Comparing Charlotte Perkins Gilman's The Yellow Wallpaper; and Kate Chopin's The Story of an Hour

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Comparing Charlotte Perkins Gilman's 'The Yellow Wallpaper' and Kate Chopin's 'The Story of an Hour' 'The Yellow Wallpaper';, by Charlotte Perkins Gilman, and 'The Story of an Hour';, by Kate Chopin, are alike in that both of the women in the stories were controlled by their husbands which caused them to feel an intense desire for freedom. Both stories were also written from a feminist point of view. However, the women in the stories had different life changes and different responses to their own freedom as a result of that change. In both stories the women's husbands had direct control over their lives. In 'The Yellow Wallpaper'; the narrator's husband controlled her both mentally and physically. He does not allow her to have any…show more content…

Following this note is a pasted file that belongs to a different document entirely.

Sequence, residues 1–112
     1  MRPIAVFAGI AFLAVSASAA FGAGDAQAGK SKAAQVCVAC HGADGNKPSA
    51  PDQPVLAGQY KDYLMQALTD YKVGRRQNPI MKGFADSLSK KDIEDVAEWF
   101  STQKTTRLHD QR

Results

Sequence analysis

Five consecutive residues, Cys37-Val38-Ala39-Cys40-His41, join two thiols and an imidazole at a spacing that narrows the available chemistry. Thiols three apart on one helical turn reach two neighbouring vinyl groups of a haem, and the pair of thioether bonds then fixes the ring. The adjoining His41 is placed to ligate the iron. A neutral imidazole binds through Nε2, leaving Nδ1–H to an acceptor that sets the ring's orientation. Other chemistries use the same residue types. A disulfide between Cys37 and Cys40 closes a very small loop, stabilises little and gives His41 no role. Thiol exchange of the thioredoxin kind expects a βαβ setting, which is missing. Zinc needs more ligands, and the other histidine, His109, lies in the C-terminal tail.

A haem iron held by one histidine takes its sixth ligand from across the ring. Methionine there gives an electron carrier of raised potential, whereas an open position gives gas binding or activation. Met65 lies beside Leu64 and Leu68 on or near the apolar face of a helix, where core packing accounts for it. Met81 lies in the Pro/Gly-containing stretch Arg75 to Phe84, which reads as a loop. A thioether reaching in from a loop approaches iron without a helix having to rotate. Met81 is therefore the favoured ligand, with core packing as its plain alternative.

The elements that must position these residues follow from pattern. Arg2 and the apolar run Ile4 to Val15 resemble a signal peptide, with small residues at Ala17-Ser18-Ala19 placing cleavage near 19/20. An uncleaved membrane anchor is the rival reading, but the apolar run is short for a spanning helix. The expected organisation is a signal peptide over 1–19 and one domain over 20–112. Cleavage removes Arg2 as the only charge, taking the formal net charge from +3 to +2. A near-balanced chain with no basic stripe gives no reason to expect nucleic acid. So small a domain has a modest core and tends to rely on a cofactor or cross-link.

She yearns to live her own life without someone being there to dictate her every thought and action. She wants to live her own life and make her own decisions without being under the constant scrutiny of her husband. Also, both 'The Yellow Wallpaper'; and 'The Story of an Hour'; were written from the feminist perspective. The husband's control over their wives, and the wives intense desire for freedom from the men in their lives exhibit that the subject matter in both stories reveals feminist concerns. Through the narrator of 'The Yellow Wallpaper'; the author is able to express her feminine viewpoint concerning the oppressive nature of the men in her life. This oppressive nature results in an inferiority complex being developed by the narrator. The narrator is unable to express her opinion solely because it conflicts with the male point of view. A perfect example of this is presented in the beginning passages of the story, where the narrator's disagreement with her husband and brother's ideas for her treatment. She states, "Personally, I disagree with their ideas. Personally, I believe that congenial work, with excitement and change, would do me good. But what is one to do?" This last sentence "But what is one to do?" exemplifies wonderfully her oppressed female stature in the society of her life (Gilman 633). This oppressive nature is also expressed in 'The Story of an

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